by Eóin O’Donoghue, National University of Ireland Galway
In May and June 2017, I visited the island of Pantelleria to work with the Brock University excavations at the Lago di Venere, supported by a grant from the Royal Numismatic Society. There I examined the numismatic evidence recovered in excavations at the site from the Roman phase of occupation on the island.
Pantelleria itself is located in the Strait of Sicily, roughly midway between the tip Cap Bon in Tunisia and Agrigento on the southwest shore of Sicily. It has a complex history stretching back to the Bronze Age and perhaps earlier. From at least as early as the sixth century BCE it was occupied by Phoenician settlers and coinage suggests the island was called ‘YRNM; subsequently, it became a point of contention in conflicts between Rome and Carthage in the third century BCE. Eventually the island was captured by the Romans in 217 BCE and became known as Cossura and it remained within their control until at least the second century CE. The excavations are focusing on a Romano-Punic sanctuary situated adjacent to a spectacular lake set within a volcanic crater. The site is providing distinctive insights into an early example of Roman and Punic cultural interaction and ‘hybrid’ ritual practices.
Following the Roman conquest, the coinage changed from bearing the legend ‘YRNM to COSSVRA, but importantly, maintained the Punic motifs including Astarte/Isis on the obverse. During my time on Pantelleria I had the opportunity to create a catalogue identifying the coins recovered from the excavations to date. Those recovered primarily come from the last two centuries BCE, with examples of Tanit/Astarte on the obverse coupled with inscription of COSSVRA and laurel wreaths decorating the reverse. Further examples represent more standardised Roman coin types that are also thought to come from Pantelleria. These come from the first century BCE and may represent a period after Roman power had stabilised on the island including the adoption of some Roman cultural traits. Other examples come from elsewhere in the Empire, including a denarius of C. Pulcher from 110-109 BCE, and more coins probably minted on Pantelleria itself. Of most significance in the later coins recovered from the Lago di Venere, as well as from other excavations on the island, is the disappearance of Tanit/Astarte from the iconography, but with the subsequent development of a generic female figure on the obverse. It is perhaps an attempt to be a reference to the goddess Roma, but also to Pantescan and Phoenician reverence for female figures. These are issues which are discussed in more detail in the article resulting from this study.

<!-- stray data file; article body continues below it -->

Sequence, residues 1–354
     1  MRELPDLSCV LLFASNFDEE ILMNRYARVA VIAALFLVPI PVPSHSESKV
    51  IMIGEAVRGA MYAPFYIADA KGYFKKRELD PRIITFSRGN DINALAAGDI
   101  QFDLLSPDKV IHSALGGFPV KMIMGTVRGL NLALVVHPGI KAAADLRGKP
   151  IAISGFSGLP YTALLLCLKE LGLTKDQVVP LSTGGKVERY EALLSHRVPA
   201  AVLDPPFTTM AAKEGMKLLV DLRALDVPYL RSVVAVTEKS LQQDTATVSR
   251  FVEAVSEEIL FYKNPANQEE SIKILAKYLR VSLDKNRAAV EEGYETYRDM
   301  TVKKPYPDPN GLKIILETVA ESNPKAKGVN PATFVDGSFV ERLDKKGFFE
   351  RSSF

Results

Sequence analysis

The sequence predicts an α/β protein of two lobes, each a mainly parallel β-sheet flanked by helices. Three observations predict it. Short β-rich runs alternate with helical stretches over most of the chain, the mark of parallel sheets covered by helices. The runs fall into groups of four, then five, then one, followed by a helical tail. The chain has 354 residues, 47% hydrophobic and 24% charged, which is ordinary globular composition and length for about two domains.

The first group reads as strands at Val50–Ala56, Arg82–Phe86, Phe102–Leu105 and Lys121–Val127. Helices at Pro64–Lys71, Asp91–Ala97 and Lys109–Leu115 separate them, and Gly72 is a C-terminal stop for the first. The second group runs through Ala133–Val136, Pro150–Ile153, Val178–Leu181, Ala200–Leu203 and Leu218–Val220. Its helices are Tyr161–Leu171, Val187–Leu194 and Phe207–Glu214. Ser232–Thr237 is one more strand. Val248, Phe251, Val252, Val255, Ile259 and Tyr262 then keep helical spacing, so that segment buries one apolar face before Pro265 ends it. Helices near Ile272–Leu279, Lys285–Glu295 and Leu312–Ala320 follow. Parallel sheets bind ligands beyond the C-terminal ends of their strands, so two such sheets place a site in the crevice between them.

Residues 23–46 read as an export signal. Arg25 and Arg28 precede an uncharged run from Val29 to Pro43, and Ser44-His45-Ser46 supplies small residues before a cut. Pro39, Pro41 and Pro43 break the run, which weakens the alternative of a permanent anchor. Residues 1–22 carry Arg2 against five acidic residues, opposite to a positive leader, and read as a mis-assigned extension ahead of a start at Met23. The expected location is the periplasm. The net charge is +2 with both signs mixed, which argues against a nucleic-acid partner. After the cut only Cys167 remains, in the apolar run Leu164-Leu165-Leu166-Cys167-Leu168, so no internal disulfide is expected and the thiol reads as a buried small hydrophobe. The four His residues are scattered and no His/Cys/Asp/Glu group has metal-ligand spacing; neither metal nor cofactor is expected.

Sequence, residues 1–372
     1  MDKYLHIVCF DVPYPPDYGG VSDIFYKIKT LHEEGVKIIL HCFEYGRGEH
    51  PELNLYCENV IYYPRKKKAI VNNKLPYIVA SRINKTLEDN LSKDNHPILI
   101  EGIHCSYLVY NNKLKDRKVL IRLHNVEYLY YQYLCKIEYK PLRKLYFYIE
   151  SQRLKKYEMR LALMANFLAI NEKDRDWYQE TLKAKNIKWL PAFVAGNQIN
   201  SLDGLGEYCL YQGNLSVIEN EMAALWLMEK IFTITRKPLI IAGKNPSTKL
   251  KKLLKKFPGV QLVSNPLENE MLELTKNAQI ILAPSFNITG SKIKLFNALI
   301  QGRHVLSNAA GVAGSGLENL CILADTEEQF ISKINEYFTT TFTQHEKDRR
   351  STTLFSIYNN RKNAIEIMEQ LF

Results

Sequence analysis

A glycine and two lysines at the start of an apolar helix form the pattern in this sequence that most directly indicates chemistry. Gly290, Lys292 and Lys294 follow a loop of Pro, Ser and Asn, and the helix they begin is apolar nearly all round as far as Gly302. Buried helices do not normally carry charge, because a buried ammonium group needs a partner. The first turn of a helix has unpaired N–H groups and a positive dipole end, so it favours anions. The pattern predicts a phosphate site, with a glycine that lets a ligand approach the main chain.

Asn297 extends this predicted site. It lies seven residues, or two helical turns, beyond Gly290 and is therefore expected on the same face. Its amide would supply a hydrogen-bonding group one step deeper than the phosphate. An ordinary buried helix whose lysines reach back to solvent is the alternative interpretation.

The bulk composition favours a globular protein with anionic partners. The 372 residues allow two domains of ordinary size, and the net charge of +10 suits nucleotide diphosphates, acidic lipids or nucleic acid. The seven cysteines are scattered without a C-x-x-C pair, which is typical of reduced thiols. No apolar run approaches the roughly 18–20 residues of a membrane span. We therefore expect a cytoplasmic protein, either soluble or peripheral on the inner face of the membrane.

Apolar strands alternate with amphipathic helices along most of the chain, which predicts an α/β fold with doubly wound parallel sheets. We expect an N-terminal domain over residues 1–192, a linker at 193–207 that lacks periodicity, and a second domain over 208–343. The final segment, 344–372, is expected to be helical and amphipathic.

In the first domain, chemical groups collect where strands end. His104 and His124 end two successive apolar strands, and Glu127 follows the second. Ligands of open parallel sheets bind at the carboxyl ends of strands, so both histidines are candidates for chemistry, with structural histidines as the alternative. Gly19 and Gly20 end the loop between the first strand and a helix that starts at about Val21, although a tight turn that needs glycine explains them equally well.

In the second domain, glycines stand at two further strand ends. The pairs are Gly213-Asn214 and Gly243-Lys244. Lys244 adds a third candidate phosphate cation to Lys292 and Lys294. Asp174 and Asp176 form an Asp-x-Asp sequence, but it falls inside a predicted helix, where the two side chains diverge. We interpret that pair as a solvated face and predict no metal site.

The coins were recovered from secure stratigraphic deposits. The ceramic materials also suggest the structures that the coins are associated with were constructed and used in the last two centuries BCE; consequently, each set of evidence supports the chronology of the other. While the coins come from definitive ancient contexts they do not appear to be part of a deliberate deposition or a hoard. Instead, they seem to have become accidentally part of the destruction and abandonment fill of the sanctuary site. The reasons for this event, or series of events, is not yet clear.
This initial research will be submitted as an article to The Numismatic Chronicle in early 2018. Further study will be carried out in London when I have the opportunity to examine the coins from Pantelleria in the collection of the British Museum. I hope to write an extended paper that considers the significance of the Punic and Roman coins from Pantelleria, especially considering iconographic continuity and its potential to offer insight into the fluidity of early Roman imperialism, a characteristic that became fundamental in the creation of an empire.